Directional boring, also called horizontal directional drilling (HDD), is a modern construction method that uses trenchless technology to mount conduits, underground utility pipes, and cables. The technique involves drilling of a preliminary pilot hole along a pre-arranged path from a point from the surface. The process is preferred by many because of its easier preparation, and disruption to the environment is only minimum.
Since excavation and trenching is also not practical on busy sites, more contractors favour this method. Here are some essential things that you may want to know about HDD.
The main process
Generally, horizontal directional drilling involves a three-step process. The first phase is the creation of a primary or pilot hole, then followed by the main drilling activity using a reamer. The final step is in the setting of the casing pipe or the material in the finished shaft.
The driller features a directional control that makes it easier for the rig operator to apply changes in the direction of the head. Such is also possible by the use of drilling fluid, which also helps in pipeline greasing, borehole stabilization, and preventing the cutting head from overheating.
The main purpose
Directional boring is commonly applied for installing substructures such as power cables, telecommunications, sewers, water pipes, and pipelines. The HDD method is ideal when working in locations where there are roadways, waterways crossing, and busy or overcrowded areas.
Over other drilling techniques, HDD is favoured because it requires minimal traffic interruption, safety, shorter work duration, and less cost to complete.
Reference point and guidance
Planning and pre-determination of the hole to be drilled is a vital part of the process before the operation commences. Clearly, the drilling head will be submerged underground throughout the drilling operation.
Without this guide, the activity can potentially cause an error and lead to unnecessary damage. For this purpose, drilling contractors utilize two types of approaches to achieve the ideal results; the first one is the walk-over locating technology, and the second one is a wireline locating system.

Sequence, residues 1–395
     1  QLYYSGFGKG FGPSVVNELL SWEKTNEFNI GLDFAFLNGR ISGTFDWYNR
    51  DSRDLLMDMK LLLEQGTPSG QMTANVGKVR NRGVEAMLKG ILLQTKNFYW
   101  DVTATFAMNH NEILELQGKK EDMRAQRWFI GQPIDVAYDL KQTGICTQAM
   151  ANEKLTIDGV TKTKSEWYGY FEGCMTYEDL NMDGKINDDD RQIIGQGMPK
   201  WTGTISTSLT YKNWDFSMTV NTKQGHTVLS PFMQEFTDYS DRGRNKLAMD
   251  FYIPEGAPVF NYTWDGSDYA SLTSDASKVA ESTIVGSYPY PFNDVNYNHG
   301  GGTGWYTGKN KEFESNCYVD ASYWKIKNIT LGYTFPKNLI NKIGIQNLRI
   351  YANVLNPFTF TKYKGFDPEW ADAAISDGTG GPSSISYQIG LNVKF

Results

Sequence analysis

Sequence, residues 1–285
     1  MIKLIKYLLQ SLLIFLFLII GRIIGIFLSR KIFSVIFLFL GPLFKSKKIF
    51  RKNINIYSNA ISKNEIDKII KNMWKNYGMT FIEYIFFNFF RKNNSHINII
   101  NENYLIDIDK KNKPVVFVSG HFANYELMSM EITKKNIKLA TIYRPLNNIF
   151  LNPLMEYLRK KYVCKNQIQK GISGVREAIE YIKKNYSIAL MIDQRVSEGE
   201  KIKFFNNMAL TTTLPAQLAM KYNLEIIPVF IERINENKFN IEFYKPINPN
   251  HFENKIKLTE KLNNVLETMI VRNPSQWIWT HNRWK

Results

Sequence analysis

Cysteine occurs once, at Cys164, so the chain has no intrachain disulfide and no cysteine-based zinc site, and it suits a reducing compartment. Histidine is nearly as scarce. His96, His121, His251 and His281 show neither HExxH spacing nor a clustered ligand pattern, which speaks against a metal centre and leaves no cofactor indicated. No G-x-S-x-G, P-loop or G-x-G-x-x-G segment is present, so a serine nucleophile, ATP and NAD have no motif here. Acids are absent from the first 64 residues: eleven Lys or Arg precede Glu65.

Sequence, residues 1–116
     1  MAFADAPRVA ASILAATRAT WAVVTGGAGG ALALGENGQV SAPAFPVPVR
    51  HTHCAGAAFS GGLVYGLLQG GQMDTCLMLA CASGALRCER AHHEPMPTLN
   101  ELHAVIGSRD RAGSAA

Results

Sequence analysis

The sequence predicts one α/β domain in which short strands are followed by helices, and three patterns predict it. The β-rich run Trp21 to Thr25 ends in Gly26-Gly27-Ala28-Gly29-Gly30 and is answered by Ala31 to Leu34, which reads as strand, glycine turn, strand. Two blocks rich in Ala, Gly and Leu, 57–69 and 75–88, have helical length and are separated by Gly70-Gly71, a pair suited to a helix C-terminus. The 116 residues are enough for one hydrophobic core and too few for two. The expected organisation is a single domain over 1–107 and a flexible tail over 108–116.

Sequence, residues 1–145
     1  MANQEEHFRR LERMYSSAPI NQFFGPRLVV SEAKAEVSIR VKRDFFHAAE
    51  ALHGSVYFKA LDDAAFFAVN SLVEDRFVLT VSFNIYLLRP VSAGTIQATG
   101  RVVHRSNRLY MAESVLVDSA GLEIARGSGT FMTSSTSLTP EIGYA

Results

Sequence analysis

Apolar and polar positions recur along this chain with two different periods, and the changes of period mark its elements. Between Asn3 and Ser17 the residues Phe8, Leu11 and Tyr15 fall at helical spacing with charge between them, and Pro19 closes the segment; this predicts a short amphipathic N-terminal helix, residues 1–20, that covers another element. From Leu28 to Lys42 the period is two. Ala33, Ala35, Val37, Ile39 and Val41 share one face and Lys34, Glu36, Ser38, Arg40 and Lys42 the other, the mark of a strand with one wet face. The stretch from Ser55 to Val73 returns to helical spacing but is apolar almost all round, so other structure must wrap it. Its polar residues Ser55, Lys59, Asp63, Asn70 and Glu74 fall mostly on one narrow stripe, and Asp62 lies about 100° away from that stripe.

In both technologies, a transmitter is installed behind the boring head, and such will track and record important data during the underground activity. Information such as rotation, temperature, and angle is logged and sent to the system above ground to serve as a guide for the operator.
The advantages of horizontal directional drilling
As mentioned, the HDD method is favoured by projects for its convenience and cost. Other than this, some of the benefits of using HDD include disruption by conditions on the surface, pipe length flexibility, bore entry, and exit spots are the only ones that need isolation, and no further excavations are necessary.
The open cut technique is the conventional way of drilling and installing downpipe systems. Contractors and the public find this method more disturbing and causes excessive damage to the surroundings. And the more facilities are affected, additional costs are incurred not only with the restoration but also with the work duration as well. Thus, horizontal directional drilling is so far the best option for any related project.